Audio quality pleased. Speech was concise and natural, while effects remained accurate and full-bodied.

Music was vibrant and dynamic. With superior localization, this would’ve been a good track, but the lack of balance made it a “C+”, as the overuse of certain channels created some distractions.

A few extras fill out the disc, and we get an audio commentry from director Andrew Thomas Hunt and actors Michelle Argyris and Emily Alatalo. All three sit together for this running, screen-specific look at story and characters, cast and performances, music, effects and stunts, sets and locations, and related domains.

Due to a screw-up, Hunt, Argyris and Alatalo needed to record this commentary twice. Apparently actor Jason Rouse also appeared on the original track but he couldn’t stay for the second session.

Whether or not Rouse would’ve added much to the discussion will remain unknown. As this commentary stands, however, it becomes a decent but not especially memorable chat.

Hunt and the actors give us a decent number of thoughts about the production and the shoot, but I can’t claim any of this even becomes particularly compelling. We find a fair amount of praise as well, factors that turn this into a listenable but average commentary.

One remark from Hunt demands attention, though. When he discusses the movie's rushed production schedule, he alludes to how Stanley Kubrick would shoot for many months and get dozens of takes.

Hunt states that with that much time, anyone could make a great movie, but the creation of a solid flick under severe time and monetary limitations requires real talent. Maybe Hunt doesn't mean what he implies, but it sure sounds like he thinks Kubrick wasn't anything special and he's more talented!

Some featurettes follow, and Interview with the Cast runs 11 minutes, 31 seconds. It includes notes from Argyris, Alatalo, and Rouse.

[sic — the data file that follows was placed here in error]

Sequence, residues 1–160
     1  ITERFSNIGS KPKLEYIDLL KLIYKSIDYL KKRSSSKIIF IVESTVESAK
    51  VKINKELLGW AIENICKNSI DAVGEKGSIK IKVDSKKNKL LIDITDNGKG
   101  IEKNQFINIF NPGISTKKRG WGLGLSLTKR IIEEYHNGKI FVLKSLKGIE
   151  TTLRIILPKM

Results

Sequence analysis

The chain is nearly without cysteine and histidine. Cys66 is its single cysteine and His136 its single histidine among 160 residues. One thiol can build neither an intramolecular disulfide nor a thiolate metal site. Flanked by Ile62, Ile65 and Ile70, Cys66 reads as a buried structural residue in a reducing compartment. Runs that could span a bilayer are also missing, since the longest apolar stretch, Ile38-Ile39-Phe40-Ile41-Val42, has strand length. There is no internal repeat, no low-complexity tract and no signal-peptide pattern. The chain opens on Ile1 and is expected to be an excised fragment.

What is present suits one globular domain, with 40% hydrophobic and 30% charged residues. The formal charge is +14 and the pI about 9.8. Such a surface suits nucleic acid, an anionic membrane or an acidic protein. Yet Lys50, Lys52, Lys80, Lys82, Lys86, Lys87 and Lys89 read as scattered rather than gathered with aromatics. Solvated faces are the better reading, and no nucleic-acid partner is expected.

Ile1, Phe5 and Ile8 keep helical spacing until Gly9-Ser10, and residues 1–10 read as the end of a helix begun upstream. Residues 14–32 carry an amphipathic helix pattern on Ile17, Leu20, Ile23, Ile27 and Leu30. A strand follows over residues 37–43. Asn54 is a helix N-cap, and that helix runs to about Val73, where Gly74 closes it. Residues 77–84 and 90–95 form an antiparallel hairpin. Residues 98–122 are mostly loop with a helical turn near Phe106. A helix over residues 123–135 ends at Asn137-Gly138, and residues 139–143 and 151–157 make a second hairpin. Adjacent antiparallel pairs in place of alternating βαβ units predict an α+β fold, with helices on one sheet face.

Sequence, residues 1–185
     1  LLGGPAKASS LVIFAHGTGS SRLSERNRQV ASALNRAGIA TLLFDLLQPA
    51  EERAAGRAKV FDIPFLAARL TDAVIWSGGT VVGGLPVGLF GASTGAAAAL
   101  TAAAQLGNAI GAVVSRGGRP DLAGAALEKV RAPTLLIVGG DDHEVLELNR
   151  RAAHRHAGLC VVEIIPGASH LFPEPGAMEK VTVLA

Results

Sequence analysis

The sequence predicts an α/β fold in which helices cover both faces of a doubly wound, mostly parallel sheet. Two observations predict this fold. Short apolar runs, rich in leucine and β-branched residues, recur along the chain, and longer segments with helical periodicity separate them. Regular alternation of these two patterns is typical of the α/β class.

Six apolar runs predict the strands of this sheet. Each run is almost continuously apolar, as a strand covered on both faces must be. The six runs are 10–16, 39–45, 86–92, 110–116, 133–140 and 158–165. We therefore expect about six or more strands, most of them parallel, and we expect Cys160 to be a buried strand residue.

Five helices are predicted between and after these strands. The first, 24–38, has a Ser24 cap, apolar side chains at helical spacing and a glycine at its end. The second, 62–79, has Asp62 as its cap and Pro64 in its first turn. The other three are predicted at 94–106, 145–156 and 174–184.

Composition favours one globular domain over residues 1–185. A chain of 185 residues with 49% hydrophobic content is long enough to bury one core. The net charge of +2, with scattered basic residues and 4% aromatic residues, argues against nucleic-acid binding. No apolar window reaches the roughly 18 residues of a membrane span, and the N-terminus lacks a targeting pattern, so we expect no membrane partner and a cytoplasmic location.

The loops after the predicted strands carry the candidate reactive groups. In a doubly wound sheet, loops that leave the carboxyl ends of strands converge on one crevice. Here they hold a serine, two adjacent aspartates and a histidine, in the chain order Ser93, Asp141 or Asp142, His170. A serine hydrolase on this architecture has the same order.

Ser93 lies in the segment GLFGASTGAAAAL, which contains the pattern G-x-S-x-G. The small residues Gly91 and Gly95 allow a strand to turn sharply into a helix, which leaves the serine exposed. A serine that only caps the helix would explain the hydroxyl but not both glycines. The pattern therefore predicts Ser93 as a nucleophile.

The actors discuss their characters and story elements as well as aspects of their performances and experiences during the shoot. They provide a smattering of decent thoughts but don’t make this an especially insightful program.

Behind the Scenes goes for 12 minutes, six seconds and involves footage of the special effects at work. We get no commentary and instead watch the production from a few vantage points. While some added notes would be nice, this still turns into a cool way to examine the methods used to bring the movie’s gore to the screen.

Next comes In the Shop, a five-minute, eight-second piece that functions in the same vein as the last featurette. This means another reasonably engaging look at the effects work, though again, some interviews/narration would make it more useful.

From “CineFest Sudbury”, a Q&A goes for 16 minutes, three seconds and offers an online chat with Hunt and Alatalo. Conducted by Cinefest Sudbury managing director Patrick O’Hearn, they discuss the movie’s pace and schedule, various aspects of the production, and their future plans.

Unsurprisingly, we get a fair amount of happy talk here, as the discussion largely exists to promote the film. They give us a mix of moderately informative comments overall, with the best parts related to the challenges of shooting during the COVID pandemic.

Fight Training Videos fill 12 minutes, seven seconds and shows a mix of choreography tests for the stunts. This becomes a fun reel.

Lastly, a Photo Gallery presents 14 shots from the set. While I appreciate the high quality of their reproduction, we find too few pictures to add much.

The disc opens with ads for The Furies, Monster Party and The Barge People. No trailer for Parts appears here.

As a tongue-in-cheek action flick, Spare Parts comes with the potential to offer a fun experience. However, it only occasionally succeeds, as most of the movie seems oddly flat and uninspired. The Blu-ray brings good picture, erratic audio and a fairly decent set of supplements. Maybe Spare Parts 2 will allow the material to better prosper.

Viewer Film Ratings: 2 Stars Number of Votes: 1
0 3: